As on the two previous nights, Rommel decided that he could not stand, particularly as his line had been breached by 8th Armoured Brigade. At 7 p.m. he gave orders for all main bodies to retire to the Tarhuna – Homs line and for the Italian non-motorised troops already there to go back to the close defences of Tripoli. These ran in an irregular line on an arc about 15 miles from the town, were by no means strong, and presented no real obstacle.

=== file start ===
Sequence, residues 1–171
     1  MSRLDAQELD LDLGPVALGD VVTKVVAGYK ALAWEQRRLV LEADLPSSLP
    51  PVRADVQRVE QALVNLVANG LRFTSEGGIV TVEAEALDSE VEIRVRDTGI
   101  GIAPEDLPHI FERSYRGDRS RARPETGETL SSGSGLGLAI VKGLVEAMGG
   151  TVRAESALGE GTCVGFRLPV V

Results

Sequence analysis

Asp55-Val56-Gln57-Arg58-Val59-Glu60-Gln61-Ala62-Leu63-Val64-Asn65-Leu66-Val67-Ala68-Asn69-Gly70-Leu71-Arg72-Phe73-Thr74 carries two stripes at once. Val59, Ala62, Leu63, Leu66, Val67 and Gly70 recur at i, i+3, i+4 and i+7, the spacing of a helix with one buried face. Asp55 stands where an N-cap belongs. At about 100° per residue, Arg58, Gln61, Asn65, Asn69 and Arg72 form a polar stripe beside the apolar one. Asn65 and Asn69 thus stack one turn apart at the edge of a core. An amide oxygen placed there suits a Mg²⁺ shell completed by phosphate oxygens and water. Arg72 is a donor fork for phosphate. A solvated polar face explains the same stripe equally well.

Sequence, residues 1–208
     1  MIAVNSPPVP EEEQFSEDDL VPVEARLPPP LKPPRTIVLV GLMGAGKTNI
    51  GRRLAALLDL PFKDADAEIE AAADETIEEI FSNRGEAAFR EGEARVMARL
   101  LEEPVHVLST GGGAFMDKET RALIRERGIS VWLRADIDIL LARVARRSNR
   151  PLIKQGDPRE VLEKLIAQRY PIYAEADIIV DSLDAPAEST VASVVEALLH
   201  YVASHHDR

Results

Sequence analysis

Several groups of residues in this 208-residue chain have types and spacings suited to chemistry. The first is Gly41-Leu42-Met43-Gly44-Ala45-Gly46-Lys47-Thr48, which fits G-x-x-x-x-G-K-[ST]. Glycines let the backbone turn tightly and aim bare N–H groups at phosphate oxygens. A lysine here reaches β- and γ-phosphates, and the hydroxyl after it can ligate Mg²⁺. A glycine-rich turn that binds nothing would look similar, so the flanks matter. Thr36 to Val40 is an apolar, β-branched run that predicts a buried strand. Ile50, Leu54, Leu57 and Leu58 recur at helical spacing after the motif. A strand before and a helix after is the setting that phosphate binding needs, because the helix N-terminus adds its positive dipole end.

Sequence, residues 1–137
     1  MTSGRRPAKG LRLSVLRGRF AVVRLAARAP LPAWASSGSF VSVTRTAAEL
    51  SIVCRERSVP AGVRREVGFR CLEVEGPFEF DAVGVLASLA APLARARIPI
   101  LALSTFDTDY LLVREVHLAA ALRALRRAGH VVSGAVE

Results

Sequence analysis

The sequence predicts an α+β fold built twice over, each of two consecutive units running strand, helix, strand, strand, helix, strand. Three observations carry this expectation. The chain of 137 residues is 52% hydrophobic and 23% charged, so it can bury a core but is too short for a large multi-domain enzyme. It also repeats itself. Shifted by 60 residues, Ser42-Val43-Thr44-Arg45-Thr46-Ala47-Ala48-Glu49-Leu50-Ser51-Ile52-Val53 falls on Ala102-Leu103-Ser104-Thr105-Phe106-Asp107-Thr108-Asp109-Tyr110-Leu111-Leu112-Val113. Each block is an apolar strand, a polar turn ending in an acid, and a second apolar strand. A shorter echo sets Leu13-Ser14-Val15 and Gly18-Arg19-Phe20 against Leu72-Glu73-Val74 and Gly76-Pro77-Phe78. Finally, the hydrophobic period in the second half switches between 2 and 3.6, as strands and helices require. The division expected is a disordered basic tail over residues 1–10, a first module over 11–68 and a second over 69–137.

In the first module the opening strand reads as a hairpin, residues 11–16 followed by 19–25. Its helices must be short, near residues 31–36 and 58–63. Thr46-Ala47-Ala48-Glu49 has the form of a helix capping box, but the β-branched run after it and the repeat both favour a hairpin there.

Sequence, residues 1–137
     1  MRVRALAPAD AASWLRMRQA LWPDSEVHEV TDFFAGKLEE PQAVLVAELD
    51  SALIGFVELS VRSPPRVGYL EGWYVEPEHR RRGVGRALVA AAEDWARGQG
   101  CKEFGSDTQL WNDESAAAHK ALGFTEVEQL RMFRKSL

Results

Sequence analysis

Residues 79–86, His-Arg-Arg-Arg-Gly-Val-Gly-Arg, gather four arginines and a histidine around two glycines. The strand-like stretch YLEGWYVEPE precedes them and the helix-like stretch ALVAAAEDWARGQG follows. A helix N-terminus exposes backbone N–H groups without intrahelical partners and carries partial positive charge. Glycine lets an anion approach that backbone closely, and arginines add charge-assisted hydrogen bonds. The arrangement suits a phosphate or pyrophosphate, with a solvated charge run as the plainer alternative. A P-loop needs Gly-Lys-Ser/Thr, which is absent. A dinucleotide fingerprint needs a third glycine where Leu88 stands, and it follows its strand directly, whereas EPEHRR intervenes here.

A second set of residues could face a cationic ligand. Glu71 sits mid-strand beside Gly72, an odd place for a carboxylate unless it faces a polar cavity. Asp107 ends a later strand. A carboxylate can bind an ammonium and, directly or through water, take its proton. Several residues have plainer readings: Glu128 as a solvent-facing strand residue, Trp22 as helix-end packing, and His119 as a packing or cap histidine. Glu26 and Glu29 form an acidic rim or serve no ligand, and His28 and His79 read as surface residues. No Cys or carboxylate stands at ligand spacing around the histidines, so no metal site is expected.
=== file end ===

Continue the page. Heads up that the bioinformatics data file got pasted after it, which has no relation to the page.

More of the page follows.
Rommel also indicated to Commando Supremo in Rome that not even the motorised formations could make an effective stand on the Tarhuna – Homs line, but would also have to move back to Tripoli, which would be threatened by 20 or 21 January. His main reason for these conclusions was the shortage of all supplies, for he considered that with better maintenance he could hold the Tarhuna – Homs line for some time. The going to the south-west, where an outflanking attack might be made, was known to be very bad – as 2nd NZ Division was to discover.
A Daimler armored car opens fire to support advance of 7th Armored Division , 18th January 1943